This year, with nationwide unemployment hovering around the 10-percent mark, people are feeling more Scrooge than Santa these days. People want comfort and joy this time around, not the pressure to shop until they drop.
That’s according to an Associated Press news story. And in my opinion, it’s at least one good thing about the bad economy. Instead of Christmas becoming some sort of horse race to spend without thought to consequence, maybe there will be more focus on the season being about memories and togetherness? When you’re worried about paying the heat bill, blowing a wad on stocking-stuffers is more oh-no than ho-ho-ho.
“When the world feels upside down, you don’t want your tree to be,” says Kit Yarrow, professor of consumer psychology at Golden Gate University in San Francisco.
“Nostalgia is a way for people to feel safe,” Yarrow adds.
Yarrow is referring to last year’s trends, when, according to AP, whimsy was more dominant, with the upside-down Christmas tree fad, cowboy and mermaid ornaments, and unusual color schemes such as purple and brown. That was trendy, and it’s now supposed to be on its way out.
With the economy continuing to struggle, stores are going for less flash and more of the familiar this holiday season. AP reports that retailers are “turning back the clock” this year, in an effort to draw cautious consumers to stores. And merchants are hoping the return to tradition makes cash registers jingle, because holiday sales can make up almost half of many merchants’ bottom lines.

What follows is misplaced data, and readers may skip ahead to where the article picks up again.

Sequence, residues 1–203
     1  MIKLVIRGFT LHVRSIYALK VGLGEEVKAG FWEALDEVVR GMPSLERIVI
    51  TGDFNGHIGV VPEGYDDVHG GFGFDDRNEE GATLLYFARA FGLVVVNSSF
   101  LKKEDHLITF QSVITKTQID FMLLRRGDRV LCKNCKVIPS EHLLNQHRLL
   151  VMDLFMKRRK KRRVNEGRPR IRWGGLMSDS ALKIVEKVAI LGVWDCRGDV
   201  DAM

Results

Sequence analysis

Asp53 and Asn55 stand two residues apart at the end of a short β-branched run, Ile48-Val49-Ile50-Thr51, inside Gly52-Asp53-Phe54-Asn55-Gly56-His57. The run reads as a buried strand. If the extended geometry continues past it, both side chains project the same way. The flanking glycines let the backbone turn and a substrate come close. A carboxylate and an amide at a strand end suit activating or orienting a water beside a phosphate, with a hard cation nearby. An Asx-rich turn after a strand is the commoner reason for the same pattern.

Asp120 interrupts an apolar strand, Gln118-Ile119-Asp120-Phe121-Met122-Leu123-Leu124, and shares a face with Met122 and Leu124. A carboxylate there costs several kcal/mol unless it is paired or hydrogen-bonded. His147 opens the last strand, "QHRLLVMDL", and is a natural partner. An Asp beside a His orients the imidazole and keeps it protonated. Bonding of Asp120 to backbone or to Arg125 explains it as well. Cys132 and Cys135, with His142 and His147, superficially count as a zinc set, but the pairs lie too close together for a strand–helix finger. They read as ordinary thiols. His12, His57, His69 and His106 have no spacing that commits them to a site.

So what will be coming to a mall near you? Traditional colors such as red, green and gold and feel-good touches, including gingerbread houses, classic ornaments and more boughs decked with holly rather than hot pink feathers.
Along the lines of feeling safe is spending wisely. “It’s not just fashionable to spend a lot of money for Christmas, or for anything,” says Mark Vitner, senior economist at Wells Fargo. “It is fashionable to live within your means.”
That’s one trend I can get behind! And frankly, I’d rather have a friend who can afford to go to lunch or see a movie with me instead of one being broke from overdoing gift-shopping. A gift is nice, but memories are obviously more personal, more lasting.
And of course, if pennies must be pinched, getting together to rent a bad movie or a enjoy a night of Scrabble, Monopoly or Trivial Pursuit is a cheap but priceless way to spend an evening. That’s traditional and nostalgic fun.
That’s the gift that keeps on giving.